a curved upholsterer’s needle

The geese have been crossing

the path of commuters --

who stop on their afternoon rush home

to mates and frozen riverbanks

gingerly circumvent the geese

laying a new path

Healing our Harrowing // Greg Kennedy S.J.

We’ve tilled

till we can’t;

now the soil,

elementarily confused,

is more air

than earth;

all its dead and rotting

traits ploughed up

and set against us

in a bipolar heaven

increasingly hot and irksome.

Greg Kennedy

S.J. is a Jesuit

priest at Loyola

House in Guelph,

where he offers

spiritual direction

to retreatants

and has concluded

that God

speaks most

clearly through


human conversation,

good music

and gentle trees.

His profound

concern for the

land is also expressed


his poetry.

For a moment trespassing

the paths they are meant to follow,

watching feather-pressed breasts pass safely.

Ke ly Sikkema

We’ve tilled

till we can’t;

now the soil,

bandaged with plastic,

sweats beneath

its suffocated weeds

crazed by an inaccessible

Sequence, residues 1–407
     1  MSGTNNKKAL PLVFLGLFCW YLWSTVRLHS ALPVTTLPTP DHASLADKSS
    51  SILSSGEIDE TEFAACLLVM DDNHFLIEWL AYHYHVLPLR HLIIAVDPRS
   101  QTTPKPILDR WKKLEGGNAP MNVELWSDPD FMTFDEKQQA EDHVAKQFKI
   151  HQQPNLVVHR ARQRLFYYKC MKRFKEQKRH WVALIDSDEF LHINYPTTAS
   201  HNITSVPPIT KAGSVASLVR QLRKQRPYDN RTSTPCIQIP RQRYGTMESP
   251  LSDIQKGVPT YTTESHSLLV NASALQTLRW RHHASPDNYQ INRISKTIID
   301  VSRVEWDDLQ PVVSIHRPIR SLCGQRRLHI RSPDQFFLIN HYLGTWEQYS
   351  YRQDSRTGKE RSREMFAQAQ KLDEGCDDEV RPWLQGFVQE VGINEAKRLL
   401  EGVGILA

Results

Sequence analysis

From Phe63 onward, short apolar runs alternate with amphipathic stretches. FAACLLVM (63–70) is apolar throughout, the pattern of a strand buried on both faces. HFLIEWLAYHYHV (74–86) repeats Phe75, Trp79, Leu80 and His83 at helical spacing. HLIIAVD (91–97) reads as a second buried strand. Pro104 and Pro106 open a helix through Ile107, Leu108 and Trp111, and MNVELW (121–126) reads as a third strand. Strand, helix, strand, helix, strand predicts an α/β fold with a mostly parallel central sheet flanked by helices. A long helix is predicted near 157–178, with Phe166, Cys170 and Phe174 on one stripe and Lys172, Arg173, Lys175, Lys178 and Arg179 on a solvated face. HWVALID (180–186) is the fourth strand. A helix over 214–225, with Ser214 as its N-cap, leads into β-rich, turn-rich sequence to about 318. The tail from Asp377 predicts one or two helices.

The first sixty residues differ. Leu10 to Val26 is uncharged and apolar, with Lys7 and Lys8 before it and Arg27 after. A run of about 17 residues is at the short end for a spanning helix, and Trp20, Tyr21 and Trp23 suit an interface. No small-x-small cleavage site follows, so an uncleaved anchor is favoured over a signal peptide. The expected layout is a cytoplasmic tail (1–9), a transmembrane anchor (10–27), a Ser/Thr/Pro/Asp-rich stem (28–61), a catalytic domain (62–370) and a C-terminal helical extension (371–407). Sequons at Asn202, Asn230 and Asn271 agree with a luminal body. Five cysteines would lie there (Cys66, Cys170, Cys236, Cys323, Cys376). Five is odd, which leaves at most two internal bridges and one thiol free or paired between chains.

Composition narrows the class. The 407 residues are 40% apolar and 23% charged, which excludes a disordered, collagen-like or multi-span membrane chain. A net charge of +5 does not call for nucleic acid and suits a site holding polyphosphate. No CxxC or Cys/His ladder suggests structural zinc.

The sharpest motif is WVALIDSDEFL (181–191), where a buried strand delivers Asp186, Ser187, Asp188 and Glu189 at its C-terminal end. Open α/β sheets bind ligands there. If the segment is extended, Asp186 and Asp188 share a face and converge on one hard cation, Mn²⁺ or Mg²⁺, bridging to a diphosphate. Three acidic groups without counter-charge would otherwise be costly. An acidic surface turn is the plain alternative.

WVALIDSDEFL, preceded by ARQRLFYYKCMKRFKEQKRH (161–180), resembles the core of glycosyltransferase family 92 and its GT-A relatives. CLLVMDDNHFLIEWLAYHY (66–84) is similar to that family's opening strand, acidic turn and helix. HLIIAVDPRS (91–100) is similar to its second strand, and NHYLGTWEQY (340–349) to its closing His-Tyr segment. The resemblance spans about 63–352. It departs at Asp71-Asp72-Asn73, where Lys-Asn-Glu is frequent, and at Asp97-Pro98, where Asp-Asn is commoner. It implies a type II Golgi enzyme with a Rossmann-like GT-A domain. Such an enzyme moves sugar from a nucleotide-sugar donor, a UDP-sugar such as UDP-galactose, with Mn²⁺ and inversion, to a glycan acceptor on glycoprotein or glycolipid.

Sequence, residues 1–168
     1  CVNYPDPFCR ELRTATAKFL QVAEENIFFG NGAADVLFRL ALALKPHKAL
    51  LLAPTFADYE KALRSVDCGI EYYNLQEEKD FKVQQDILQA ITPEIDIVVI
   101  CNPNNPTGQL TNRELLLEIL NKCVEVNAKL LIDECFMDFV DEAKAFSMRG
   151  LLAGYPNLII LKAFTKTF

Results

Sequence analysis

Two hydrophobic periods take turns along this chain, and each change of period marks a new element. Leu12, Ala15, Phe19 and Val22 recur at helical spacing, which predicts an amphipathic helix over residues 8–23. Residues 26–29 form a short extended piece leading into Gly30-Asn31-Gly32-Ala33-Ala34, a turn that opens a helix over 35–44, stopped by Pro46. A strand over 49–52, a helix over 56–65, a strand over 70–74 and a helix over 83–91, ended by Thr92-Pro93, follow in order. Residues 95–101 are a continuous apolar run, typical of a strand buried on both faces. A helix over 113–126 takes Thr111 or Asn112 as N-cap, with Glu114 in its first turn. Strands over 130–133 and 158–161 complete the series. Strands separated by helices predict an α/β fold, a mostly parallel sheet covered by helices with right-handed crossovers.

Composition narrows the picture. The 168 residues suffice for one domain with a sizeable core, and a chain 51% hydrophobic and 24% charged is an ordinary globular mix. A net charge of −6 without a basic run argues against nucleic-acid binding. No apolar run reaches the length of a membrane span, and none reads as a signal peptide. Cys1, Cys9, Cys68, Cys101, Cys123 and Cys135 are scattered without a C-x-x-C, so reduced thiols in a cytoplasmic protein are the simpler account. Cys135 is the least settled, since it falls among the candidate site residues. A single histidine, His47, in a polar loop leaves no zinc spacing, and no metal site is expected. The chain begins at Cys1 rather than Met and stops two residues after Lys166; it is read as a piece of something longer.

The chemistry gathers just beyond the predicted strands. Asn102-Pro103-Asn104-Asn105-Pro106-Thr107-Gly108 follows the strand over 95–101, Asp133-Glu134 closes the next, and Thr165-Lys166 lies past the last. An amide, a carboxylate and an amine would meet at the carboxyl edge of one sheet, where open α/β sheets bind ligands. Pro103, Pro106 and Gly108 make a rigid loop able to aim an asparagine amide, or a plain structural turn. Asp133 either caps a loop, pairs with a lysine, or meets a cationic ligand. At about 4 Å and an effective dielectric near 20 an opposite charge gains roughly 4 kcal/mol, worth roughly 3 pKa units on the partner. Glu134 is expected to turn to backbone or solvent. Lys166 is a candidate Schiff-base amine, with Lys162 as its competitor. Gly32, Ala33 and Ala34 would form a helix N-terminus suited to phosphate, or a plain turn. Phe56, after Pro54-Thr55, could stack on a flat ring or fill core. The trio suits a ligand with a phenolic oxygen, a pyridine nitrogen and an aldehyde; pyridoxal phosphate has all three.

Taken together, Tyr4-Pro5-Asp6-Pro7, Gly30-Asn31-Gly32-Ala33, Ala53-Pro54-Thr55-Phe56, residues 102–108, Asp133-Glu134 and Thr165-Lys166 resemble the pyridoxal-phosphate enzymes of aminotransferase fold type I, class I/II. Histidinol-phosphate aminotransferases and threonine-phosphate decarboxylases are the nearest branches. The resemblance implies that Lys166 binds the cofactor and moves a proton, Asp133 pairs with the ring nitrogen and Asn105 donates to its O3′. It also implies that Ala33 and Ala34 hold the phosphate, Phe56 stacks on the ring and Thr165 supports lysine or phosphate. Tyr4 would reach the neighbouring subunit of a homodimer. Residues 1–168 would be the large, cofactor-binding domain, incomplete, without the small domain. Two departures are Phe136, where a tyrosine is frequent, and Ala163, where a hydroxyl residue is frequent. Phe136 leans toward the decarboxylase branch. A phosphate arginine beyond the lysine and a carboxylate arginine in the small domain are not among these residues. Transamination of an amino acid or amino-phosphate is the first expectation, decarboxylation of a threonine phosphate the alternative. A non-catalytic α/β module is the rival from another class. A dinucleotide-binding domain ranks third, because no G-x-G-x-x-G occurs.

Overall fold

itch impossible to scratch.

We’ve tilled

till we can’t;

our fields far too well travelled:

downstream from the farm

leaving sandy, salty beaches


We’ve tilled

till we can’t;

and a question gets


in this desert:

will we be

as diligent and determined

in our healing

as in our harrowing?

Some organizations in and around Hamilton, Guelph and St.

Catharines concerned with the protection and care of the land:

Hamilton Conservation Authority

“The Hamilton Conservation Authority’s approach to open space protection is three-fold: environmental

planning, watershed stewardship and land acquisition. In 1960, HCA began acquiring land for permanent

protection and to date has secured 10,978 acres. These lands include 14 Niagara Escarpment properties, 7

major conservation areas, a magnificent 179-km trail network, and 12 wetlands.”

A Rocha Hamilton

“A Rocha is committed to the conservation and restoration of the natural world through both scientific

research and practical conservation projects. Bi l and Lyndia Hendry, the owners of the 150-acre Cedar

Haven Farm north of Hamilton, very graciously extended an invitation to A Rocha Canada to steward their